In the Underworld, they were subjected to magical tests by One Death and Seven Death. In one such test, they had to pass the night in a House of Darkness (Akbal/Aq’ab’al in its meaning of “darkness,” known to the Aztecs as “House”) and keep their cigars lit all night. They failed to do so; consequently, the Underworld Lords sacrificed them before they even had a chance to play handball. The head of One Junajpu was left hanging in a tree. In time a young maiden called Blood Woman, daughter of one of the Xilb’alb’a Lords, came to the tree and saw the head of One Junajpu. It spit into her right hand, thus impregnating her. When her father discovered that she was pregnant, she protested her innocence, claiming, truthfully enough, that she had not known a man sexually. When she realized that her father didn’t believe her and intended to sacrifice her, she made her way to the upper world and to the very house of Grandmother Xmucane. She told Xmucane that she was about to give birth to twins who were the sons of her own son, One Junajpu. But Xmucane didn’t believe her either. She gave her a magical test, telling her to go and bring back a net full of corn from a garden which she knew to contain only a single plant. But Blood Woman pulled the silk out of a single ear of corn, which was magically transformed into an abundant harvest. Amazed, Xmucane went to the garden, poked around, and saw the imprint of Blood Woman’s magical net. Knowing that her sons, the first pair of Hero Twins, were also the planet Venus, and knowing that Venus would return from the Underworld on a day called K’at in K’iche’ (k’at means “net”,and this is Kan in Yucatec), she realized that Blood Woman was telling the truth. Now she knew that Blood Woman’s children were her own grandchildren.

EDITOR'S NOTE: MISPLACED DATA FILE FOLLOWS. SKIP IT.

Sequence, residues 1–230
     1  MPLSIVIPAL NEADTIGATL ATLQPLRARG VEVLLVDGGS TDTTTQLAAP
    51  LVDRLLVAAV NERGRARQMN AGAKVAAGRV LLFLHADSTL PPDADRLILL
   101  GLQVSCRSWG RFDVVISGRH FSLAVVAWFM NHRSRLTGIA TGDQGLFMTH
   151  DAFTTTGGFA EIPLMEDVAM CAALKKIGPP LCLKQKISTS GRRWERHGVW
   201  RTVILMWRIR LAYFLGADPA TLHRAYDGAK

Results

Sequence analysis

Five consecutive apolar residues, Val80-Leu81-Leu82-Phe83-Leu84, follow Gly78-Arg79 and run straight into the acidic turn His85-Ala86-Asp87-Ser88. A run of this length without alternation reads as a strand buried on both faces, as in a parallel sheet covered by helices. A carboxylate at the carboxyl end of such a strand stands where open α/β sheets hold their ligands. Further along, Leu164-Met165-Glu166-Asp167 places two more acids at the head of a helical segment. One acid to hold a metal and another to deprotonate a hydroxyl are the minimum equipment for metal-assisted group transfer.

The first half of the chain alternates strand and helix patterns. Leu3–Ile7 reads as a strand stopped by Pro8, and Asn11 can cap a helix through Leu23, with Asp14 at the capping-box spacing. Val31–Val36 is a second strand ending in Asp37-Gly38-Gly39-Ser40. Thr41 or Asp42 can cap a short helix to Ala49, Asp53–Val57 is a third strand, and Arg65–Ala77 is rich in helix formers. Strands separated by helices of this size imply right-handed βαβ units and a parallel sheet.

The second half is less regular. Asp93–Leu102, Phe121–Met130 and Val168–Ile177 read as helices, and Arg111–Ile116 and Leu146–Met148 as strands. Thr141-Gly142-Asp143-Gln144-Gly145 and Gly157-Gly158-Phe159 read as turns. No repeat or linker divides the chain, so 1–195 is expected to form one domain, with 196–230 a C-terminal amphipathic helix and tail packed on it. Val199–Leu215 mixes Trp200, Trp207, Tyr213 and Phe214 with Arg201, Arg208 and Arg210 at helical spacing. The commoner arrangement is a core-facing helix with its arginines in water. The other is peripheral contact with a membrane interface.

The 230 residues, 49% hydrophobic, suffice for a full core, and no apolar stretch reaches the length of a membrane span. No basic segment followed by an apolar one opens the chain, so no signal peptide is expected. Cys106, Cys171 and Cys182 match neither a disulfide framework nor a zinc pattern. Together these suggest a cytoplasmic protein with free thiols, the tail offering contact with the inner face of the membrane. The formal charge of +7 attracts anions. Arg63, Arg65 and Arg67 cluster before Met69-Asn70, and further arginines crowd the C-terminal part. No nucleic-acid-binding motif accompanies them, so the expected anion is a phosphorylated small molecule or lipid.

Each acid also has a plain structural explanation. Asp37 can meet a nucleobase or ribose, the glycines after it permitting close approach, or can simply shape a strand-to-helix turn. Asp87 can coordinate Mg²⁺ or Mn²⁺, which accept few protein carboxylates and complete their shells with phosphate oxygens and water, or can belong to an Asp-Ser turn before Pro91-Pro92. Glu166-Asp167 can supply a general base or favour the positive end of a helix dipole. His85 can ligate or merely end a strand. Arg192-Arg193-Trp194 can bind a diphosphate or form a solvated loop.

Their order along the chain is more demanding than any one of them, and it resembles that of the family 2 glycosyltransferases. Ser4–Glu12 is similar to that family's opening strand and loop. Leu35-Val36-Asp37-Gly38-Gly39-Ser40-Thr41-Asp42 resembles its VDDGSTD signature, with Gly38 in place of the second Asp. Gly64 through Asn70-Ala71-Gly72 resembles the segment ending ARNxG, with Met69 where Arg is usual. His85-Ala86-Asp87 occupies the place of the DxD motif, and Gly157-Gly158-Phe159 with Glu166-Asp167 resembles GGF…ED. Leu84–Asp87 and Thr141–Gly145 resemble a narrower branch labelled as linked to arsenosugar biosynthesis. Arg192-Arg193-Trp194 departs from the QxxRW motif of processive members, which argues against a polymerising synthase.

Thus a new set of Hero Twins was born. Their names were Junajpu (Ajpu or Yucatec Ahau) and Xb’alanke, and they grew up in their grandmother’s house. Their twin half-brothers, One Monkey and One Artisan, teased them mercilessly. Being magicians of a high order, Junajpu and Xb’alanke coaxed their artistic, musical half-brothers into a tree, where they were magically transformed into monkeys. They tried to make their way back to Xmucane’s house, but their grandmother laughed uproariously at their comical appearance as monkeys, so they went away again. This explains why the day-sign Chuen (K’iche’ B’atz’), commonly symbolized by a monkey, is associated with the arts.